AFFECTED AREA: The cases identified so far involve workers and residents in the Aljunied Crescent and Sims Drive area. PHOTOS: ISKANDAR ROSSALI, SHIN MIN DAILY NEWS
The frequency of drain flushing and oiling has also been increased.
In future cases, where officers are not able to inspect the premises, it "may have to gain entry by force" after serving the necessary notices, said a spokesman yesterday.
A stop work order had also been issued to a construction site at Sims Drive where 36 construction workers were tested positive for the Zika virus.
Seven of the workers are still warded at the CDC while 29 have fully recovered.
Nevertheless, the public has a role to play in stemming the virus' spread.
Associate Professor Benjamin Ong, director of medical services at the Ministry of Health, said that controlling the breeding of the Aedes mosquito is key to battling the spread of the virus.
He said: "But here we can't do it alone. We need the public's help."
It is not that all (pregnant) patients with Zika will have problems. It has been reported that one to 10 per cent are infected in the first two trimesters... the rest are alright...
- Associate Professor Arijit Biswas, head and senior consultant at the National University Hospital's department of obstetrics and gynaecology
AFFECTED AREA: The cases identified so far involve workers and residents in the Aljunied Crescent and Sims Drive area.
By the numbers
Number of people who tested positive for the Zika virus, based on tests done on 124 people who lived and worked in the Aljunied Crescent and Sims Drive area. Of those tested, 78 tested negative and five are still waiting test results. Of those infected, 7 are still recovering.
Pregnant woman returns to Germany to avoid Zika
A pregnant woman left on a plane to Germany last night.
The reason for her haste?
The German, who did not wish to be named, is 28 weeks pregnant and does not want to take any chances with the Zika virus here.
The 42-year-old director of an Austrian jewellery company lives in Joo Chiat, near the cluster in Sims Drive and Aljunied Crescent that has seen cases of locally transmitted Zika virus infections.
Since the authorities announced the first case on Saturday, the number of cases has jumped to 82.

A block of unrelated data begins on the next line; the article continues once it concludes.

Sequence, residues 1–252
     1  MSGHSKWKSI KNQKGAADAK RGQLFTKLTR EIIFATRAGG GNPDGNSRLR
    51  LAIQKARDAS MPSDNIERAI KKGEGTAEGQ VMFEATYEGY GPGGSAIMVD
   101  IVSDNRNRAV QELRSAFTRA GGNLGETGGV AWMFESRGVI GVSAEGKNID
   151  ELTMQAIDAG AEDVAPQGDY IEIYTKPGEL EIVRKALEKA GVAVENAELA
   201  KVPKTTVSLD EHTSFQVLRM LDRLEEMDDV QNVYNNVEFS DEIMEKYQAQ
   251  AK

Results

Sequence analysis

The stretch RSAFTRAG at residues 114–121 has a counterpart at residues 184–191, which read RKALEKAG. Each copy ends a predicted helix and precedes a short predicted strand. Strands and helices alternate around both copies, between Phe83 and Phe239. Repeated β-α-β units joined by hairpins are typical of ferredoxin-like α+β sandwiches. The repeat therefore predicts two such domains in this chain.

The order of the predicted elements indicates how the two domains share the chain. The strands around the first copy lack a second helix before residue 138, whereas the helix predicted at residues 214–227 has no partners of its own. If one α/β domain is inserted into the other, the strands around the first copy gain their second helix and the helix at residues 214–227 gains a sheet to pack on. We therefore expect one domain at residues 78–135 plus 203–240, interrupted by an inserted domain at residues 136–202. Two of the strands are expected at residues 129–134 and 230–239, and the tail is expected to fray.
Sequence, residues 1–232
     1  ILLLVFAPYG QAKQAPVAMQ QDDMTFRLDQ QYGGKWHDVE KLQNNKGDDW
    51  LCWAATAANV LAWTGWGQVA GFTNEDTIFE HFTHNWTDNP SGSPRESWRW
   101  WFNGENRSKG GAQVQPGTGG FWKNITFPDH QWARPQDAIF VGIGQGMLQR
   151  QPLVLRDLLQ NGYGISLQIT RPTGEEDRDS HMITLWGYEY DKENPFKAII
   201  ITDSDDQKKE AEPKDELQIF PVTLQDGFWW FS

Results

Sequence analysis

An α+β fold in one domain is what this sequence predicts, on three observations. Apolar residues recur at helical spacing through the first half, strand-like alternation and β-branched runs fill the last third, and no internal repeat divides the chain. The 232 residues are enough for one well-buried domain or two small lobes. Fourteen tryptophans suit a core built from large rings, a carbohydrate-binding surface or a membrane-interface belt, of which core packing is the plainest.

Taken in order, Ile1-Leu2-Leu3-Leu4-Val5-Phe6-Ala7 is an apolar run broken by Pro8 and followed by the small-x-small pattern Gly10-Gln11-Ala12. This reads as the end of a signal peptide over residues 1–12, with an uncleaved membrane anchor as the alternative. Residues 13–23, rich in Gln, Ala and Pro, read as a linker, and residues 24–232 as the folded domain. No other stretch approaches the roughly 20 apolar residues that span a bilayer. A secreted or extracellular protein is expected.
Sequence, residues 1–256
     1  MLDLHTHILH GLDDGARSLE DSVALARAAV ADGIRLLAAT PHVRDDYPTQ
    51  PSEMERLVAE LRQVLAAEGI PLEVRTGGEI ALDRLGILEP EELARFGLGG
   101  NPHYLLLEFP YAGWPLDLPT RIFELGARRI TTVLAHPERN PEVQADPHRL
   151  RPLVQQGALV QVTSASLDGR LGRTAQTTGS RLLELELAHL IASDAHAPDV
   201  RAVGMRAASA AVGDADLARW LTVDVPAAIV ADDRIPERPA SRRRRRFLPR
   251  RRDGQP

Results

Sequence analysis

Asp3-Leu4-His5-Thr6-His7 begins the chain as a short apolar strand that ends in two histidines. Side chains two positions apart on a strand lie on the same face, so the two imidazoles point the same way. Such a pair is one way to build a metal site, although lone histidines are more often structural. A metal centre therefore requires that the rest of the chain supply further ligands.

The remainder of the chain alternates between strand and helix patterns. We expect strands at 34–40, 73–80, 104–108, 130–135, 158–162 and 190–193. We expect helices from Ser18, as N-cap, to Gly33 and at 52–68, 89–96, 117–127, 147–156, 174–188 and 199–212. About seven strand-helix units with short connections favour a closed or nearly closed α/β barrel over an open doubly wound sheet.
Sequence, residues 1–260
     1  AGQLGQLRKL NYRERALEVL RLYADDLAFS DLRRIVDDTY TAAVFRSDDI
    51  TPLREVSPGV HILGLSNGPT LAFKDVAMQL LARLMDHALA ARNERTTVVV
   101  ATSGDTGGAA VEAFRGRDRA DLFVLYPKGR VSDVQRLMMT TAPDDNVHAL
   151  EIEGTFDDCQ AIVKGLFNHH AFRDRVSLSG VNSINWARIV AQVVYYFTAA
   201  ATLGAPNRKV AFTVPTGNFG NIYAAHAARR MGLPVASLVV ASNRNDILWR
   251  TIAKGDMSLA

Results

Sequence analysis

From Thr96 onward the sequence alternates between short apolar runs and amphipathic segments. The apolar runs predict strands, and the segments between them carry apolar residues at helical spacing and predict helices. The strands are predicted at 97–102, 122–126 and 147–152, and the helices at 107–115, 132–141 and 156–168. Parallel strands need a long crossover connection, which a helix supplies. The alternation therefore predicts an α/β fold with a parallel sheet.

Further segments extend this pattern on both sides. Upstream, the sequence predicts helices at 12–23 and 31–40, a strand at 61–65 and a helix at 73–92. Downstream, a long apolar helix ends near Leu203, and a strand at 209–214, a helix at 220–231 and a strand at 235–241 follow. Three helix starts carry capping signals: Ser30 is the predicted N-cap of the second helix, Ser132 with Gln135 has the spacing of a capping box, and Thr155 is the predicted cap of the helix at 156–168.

The German woman, who came to Singapore in 2012, told The New Paper that it was "very scary" that it takes a while before the virus can be detected in the body and that only 20 per cent of those infected show symptoms.
Although Zika does not usually result in death, it is a major concern for expectant mothers because if they are infected with the virus, they are at risk of delivering babies with microcephaly - a rare condition where the baby is born with a small head and this can lead to incomplete brain development and other issues.
The pregnant woman said it was particularly worrying that there was little information about Zika and that studies done on the virus seem incomplete or partly contradict each other.
She said: "If you check for precautions (against Zika), they tell you to put on repellent, buy a mosquito net, wear long sleeves and stay in air-conditioned rooms.
"No vaccination is available and even if (the virus is) detected, there is nothing you can do. Unless you are below 24 weeks pregnant and decide to abort.
"All those indicators are not reassuring at all."
She said she was not content with just taking the usual precautions against Zika and she did not want to take any chances with her baby, which is due in mid-November.
So on Monday night, she and her partner made the decision to fly back to Germany.
She plans to continue working from Germany and will deliver her baby there.
"I don't want to panic whenever I've been bitten by a mosquito (in Singapore).
"So my partner and I decided that even if there was only a 1 per cent risk of harm to our baby, we didn't want to take that risk," she said.